Africa-Press – Namibia. One of the smallest local authorities, the Ruacana Town Council, is upbeat about its performance, asserting it did its best to deliver basic services to residents within its budgetary confines.
The town’s former CEO Emilia Nanyeni attributed the authority’s recent audit report achievement to the adoption and implementation of International Public Sector Accounting Standards (IPSAS), standards which have proven difficult for many other municipalities to meet.
“I hope and anticipate that decision-making for potential investors (locally and internationally) has been enhanced by the way the town council is reporting its financial information,” Nanyeni said in the report.
This was seen as an achievement on the front of affordable land delivery to Namibians, it is recorded.
Auditor general (AG) Junias Kandjeke in June gave the town council a clean [or qualified] audit opinion as its financial position, in all material terms, reflected its financial health for the 2019/20 financial year (FY).
It was tabled in the National Assembly for scrutiny recently.
During the period under review, approval was granted to establish Ruacana Extension 3, comprising 308 erven.
Nanyeni reminded local authorities that they exist to render services.
“As a town council, the very reason for proclamation was to ensure we become the vehicle of social upliftment for the communities we serve,” she said, adding that concerted efforts were afoot to improve services.
The advent of Covid-19, which ravaged lives and livelihoods, did not spare the council.
“The financial year 2019/2020 has particularly been a challenging one, as the arrival of Covid-19 exerted more pressure on council’s operations, ,” she stated.
They could not turn to government for its usual support, as it too was grappling with the deadly virus.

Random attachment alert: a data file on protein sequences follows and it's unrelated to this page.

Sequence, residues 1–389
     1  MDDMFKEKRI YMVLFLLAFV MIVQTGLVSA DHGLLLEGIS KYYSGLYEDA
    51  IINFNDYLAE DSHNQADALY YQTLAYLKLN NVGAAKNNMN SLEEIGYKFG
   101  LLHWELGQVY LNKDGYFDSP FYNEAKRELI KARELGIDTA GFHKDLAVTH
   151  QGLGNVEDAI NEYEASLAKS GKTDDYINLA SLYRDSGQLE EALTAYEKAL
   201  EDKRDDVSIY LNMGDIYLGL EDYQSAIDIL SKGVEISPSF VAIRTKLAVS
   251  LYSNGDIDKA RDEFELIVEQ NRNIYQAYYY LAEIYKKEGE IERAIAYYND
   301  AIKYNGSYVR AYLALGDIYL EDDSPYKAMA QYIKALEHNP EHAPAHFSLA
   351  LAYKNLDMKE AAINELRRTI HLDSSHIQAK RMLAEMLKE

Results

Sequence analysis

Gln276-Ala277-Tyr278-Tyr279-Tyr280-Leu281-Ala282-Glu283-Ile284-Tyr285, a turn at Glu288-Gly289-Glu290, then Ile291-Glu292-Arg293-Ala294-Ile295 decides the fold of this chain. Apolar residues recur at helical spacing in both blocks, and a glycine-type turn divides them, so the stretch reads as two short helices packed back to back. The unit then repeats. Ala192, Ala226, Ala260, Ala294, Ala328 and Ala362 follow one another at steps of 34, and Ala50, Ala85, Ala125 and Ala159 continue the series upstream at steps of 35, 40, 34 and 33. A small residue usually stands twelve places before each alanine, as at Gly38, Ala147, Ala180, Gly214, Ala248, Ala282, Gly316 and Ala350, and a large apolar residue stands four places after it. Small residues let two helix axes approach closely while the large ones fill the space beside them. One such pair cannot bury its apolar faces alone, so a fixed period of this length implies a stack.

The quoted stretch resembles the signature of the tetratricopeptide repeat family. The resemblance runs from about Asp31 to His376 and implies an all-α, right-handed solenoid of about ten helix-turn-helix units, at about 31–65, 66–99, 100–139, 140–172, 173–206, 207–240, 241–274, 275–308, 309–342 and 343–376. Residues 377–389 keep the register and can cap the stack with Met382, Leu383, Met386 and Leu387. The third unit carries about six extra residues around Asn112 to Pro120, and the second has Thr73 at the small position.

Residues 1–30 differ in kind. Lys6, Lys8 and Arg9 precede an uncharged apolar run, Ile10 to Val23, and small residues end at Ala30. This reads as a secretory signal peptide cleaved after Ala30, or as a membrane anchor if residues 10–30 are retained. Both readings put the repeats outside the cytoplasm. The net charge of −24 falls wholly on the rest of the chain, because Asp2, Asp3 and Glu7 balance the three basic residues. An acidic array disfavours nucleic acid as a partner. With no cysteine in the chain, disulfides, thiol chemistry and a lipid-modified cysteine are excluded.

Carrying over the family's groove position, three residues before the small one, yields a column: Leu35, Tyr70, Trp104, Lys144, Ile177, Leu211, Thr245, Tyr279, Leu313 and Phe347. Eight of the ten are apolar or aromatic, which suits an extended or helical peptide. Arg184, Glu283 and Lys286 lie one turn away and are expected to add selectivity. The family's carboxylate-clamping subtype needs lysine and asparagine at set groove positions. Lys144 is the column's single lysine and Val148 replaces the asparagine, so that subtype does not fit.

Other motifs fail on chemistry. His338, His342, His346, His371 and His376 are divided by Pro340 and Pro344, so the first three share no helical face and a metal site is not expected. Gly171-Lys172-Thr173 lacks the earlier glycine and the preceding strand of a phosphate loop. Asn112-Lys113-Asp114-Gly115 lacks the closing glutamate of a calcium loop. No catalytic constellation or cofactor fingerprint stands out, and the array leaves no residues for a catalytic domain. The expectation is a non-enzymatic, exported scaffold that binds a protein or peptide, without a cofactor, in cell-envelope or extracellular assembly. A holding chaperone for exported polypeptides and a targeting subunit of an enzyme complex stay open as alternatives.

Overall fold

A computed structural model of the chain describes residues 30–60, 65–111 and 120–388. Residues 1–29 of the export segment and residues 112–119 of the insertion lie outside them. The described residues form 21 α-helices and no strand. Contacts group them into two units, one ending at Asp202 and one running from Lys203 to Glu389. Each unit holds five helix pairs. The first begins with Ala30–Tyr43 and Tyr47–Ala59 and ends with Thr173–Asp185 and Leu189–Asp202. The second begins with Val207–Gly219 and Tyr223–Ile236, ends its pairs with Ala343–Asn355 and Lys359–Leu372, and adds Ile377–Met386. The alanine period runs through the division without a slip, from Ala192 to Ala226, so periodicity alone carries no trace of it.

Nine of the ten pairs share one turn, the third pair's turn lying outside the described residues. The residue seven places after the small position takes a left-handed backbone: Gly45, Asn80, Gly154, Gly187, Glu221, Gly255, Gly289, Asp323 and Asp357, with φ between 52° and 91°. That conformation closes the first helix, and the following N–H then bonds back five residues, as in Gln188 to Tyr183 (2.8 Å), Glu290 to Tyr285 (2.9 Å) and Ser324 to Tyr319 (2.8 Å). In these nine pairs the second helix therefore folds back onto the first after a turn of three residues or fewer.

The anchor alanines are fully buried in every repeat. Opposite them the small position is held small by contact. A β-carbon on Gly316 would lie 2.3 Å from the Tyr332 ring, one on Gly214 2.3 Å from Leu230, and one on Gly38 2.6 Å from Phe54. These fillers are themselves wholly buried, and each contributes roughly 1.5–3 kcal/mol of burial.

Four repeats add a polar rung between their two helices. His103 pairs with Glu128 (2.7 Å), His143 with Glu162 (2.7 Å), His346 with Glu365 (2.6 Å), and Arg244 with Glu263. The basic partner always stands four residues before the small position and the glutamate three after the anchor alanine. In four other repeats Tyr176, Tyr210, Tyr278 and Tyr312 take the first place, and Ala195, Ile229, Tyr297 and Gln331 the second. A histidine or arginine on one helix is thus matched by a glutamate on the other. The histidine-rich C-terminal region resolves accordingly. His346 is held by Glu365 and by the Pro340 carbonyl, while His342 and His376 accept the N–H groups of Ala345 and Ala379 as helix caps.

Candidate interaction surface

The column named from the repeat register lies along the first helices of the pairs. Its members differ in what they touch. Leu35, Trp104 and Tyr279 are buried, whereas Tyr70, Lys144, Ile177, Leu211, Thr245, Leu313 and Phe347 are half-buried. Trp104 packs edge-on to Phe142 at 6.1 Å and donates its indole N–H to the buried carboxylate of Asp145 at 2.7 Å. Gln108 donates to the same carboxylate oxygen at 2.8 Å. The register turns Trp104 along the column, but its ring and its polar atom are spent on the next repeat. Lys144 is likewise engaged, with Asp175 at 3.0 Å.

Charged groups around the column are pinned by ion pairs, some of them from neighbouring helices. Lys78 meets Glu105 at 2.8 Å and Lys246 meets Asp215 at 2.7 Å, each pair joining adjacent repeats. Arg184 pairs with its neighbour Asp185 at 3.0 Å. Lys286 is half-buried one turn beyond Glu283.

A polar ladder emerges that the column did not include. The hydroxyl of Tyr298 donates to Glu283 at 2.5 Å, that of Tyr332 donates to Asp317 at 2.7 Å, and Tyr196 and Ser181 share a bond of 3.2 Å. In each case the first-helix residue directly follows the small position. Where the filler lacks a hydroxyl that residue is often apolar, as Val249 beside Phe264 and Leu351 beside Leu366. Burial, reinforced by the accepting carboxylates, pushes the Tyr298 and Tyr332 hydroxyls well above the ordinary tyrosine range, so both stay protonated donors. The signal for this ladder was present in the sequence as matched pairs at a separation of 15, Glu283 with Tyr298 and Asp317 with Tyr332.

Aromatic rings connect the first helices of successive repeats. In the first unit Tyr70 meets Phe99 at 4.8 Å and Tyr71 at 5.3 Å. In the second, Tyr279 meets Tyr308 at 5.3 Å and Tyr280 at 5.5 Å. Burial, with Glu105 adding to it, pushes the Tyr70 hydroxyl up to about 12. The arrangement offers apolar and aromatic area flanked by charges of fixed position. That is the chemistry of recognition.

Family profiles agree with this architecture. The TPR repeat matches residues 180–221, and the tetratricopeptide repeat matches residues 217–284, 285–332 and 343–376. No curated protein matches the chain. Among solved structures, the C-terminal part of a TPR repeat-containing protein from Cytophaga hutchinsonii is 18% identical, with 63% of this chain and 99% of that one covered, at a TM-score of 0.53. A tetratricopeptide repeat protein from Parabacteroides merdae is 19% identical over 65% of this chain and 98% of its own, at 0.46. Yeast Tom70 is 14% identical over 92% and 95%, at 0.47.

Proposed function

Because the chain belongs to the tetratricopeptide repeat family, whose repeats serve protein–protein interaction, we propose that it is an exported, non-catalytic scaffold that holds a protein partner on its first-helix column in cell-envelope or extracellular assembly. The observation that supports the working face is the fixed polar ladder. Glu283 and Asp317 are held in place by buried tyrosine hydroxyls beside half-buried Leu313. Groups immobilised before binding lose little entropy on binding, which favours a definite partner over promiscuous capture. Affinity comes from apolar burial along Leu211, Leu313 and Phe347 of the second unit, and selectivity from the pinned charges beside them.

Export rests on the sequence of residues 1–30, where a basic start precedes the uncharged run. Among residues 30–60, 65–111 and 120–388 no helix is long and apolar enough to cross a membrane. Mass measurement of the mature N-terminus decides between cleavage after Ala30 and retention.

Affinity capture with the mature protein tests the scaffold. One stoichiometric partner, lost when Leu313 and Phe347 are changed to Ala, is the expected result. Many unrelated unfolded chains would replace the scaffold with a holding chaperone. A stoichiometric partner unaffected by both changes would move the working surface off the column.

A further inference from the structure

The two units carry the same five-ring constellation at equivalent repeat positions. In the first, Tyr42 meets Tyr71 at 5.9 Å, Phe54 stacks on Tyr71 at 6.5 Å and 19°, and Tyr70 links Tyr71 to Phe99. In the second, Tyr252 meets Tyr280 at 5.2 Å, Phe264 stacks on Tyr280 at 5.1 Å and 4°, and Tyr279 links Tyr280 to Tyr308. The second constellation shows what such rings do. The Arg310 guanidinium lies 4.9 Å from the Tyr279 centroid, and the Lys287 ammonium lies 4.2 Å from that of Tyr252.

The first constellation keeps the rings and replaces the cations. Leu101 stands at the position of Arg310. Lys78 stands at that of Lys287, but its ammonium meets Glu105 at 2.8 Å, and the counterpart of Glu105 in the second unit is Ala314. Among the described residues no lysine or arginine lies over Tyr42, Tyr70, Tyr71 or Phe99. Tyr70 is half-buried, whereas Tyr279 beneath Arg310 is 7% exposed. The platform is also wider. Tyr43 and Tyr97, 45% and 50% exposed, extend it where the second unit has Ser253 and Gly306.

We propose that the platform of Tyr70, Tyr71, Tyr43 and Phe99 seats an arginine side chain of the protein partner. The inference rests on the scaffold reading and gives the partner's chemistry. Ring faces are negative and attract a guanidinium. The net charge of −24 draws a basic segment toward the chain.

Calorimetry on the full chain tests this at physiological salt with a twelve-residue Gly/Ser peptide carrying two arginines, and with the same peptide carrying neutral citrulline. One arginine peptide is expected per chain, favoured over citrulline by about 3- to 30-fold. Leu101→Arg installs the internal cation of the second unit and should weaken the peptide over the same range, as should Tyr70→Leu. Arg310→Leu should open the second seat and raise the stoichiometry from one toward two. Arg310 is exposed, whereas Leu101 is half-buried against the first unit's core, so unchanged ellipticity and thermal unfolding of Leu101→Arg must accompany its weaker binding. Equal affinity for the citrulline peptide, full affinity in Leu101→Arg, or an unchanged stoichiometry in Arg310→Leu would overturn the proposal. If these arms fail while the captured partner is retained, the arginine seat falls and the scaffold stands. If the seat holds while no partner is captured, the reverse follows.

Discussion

But, this did not stop RTC from recording successes.
She pointed to the construction of gravel roads worth NS1.7 million in Oshifo’s Extension 1 and 2.
“This created access streets to 61 residential properties, 32 business properties and six public open spaces,” Nanyeni observed.
More so, the council spent a further N$1.6 million to electrify 65 residential properties.
“The council’s water reticulation network in Extension 3 of Oshifo was also expanded to give services to 185 residential properties,” she said.
This self-financed initiative cost the council N$510 506.
During the period under the spotlight, the RTC increased its revenue, excluding capital transfers and contributions by 12%, while its personnel cost stood at 42% of total expenditure, which is 35% above the national norm.
If juxtaposed against other State entities like the education ministry, which spends over 80% of its budget on personnel-related costs, Ruacana is faring well.
“It has been difficult to reduce the salary costs as the service delivery functions are not for profit. Council has to implement spending controls, cost containments as well as financial discipline,” she continued.
The council also managed to increase its cash balance from N$256 597 to N$1.7 million the previous financial year.
Nanyeni left the town council last year under a cloud.
According to an investigation, the council budgeted N$4 million for capital projects, including funds for the drilling of boreholes at Oshifo and Ruacana proper, during the 2020/2021 financial year.
It afterwards requested the ministry to disburse funds for the borehole projects, using forged documents. In a letter dated 22 April 2022, minister Erastus Uutoni directed the council to act on the findings and recommendations. To date, no action has been taken.
She has denied any wrongdoing.